My first rugby coach was high school teacher Peter Fleming. I didn’t have Physical Pete as a subject teacher but it was obvious he was respected and appreciated by his students. Although my older brothers were rugby players it was Mr. Fleming who provided my first real introduction to the game. Rugby playing and coaching went on to become an important part of my life. Thanks, Coach, for pointing me in that direction.
These Boots Were Made for Walking
It was the first day back after the Christmas Break and Allison, a grade 12 student, was wearing her new cowboy boots, complete with wooden heels. Now, this wouldn’t have been a big issue except for the fact that her boots made a lot of noise, and she was often in the corridor during class time. She also liked attention, so I suspect she was giving the heels an extra thrust as she clogged down the hallways.
It was period 2 and I was teaching a Grade 10 Math class. Now, I didn’t say a word but during her third time of marching past my door my body language told the class that I was not impressed by the noise of her boots. One of the students in that class yelled, “Get some new boots.” The bear had been poked.
At morning break she appeared at my door demanding to know who had yelled out to her. During the course of our conversation I pointed out that her boots were, in fact, quite loud and encouraged her to stay in her respective classes during class time. She became more agitated and said, “You can’t tell me what I can or cannot wear on my feet.” I agreed, but pointed out that if she simply stayed in class then it wouldn’t be an issue. At this point, she dropped the F-Bomb. I informed her that the conversation was now over and that she would have to take the matter up with the principal. During the noon break, I explained to the principal what had happened and asked that he meet with her. He said that he would do so at the end of lunchtime.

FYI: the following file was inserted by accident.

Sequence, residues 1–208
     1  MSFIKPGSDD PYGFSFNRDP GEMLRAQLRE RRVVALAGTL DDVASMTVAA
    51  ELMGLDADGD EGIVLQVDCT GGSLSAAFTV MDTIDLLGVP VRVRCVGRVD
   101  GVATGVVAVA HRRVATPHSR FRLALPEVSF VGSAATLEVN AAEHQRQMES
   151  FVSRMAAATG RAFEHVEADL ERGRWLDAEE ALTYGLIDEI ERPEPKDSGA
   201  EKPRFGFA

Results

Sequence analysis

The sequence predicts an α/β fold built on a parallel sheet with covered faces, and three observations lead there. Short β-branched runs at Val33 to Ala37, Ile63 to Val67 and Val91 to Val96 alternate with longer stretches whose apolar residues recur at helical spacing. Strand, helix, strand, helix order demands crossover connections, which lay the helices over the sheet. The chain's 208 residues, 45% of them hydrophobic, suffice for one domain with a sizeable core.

Lunch ended and I was in front of my Grade 9 Science class. I had taken attendance and was introducing that day’s lesson when I heard sounds coming from the end of the hallway. As Dr. Seuss (The Grinch) once wrote, “It started in low …. then it started to grow.” As I was to find out later, Allison had just been informed that she was suspended for the rest of the day and that she was to go to her locker and gather up her things. To get to her locker she had to move past my door. As the locals would say, “She decided to give ‘er.” She let her boots do the talking. The heels were hitting the floor with as much energy as she could muster.
I avoided eye contact as she passed my open door. Her locker was on the opposite side of the corridor but not far from my room. Her locker door was opened and slammed into the next locker. The bear was just warming up.
“Mr. Caines is a F***in’ asshole. Did you hear that Mr. Caines?” she yelled. She certainly had the attention of my grade 9’s.
She continued, “You know what else Mr. Caines? You can kiss my F***in’ ass.”
The Grade 9’s were frozen. They had no idea what was going on but they were looking at me for a reaction. At this point I asked myself, How do I choose to respond to this situation? My first thought was to go to the door and say, “Excuse me, Allison, but is something bothering you?” But that would have been unprofessional; ie, intentionally poking the bear. I suppose no one would have faulted me for going to the door and expressing my displeasure with her behaviour. But then, I thought, what makes for a better story?
I let out a sigh, dropped my shoulders, looked at my class and said,”I am sorry you heard that. I was hoping to make it to retirement without anyone finding out that I am a F-ing asshole, but now it appears the word is out. But please do me a favour. If you ever meet my wife, please don’t tell her. She still doesn’t know that I’m a F-ing asshole.”
The next day the big story being told around the school wasn’t about Allison’s outburst. It was about how I choose to respond.
Allison was given another 2 days of suspension.
She never word those boots to school again.
My wife has since found out.
P.S. Did you notice she referred to me as Mister Caines? That shows respect.
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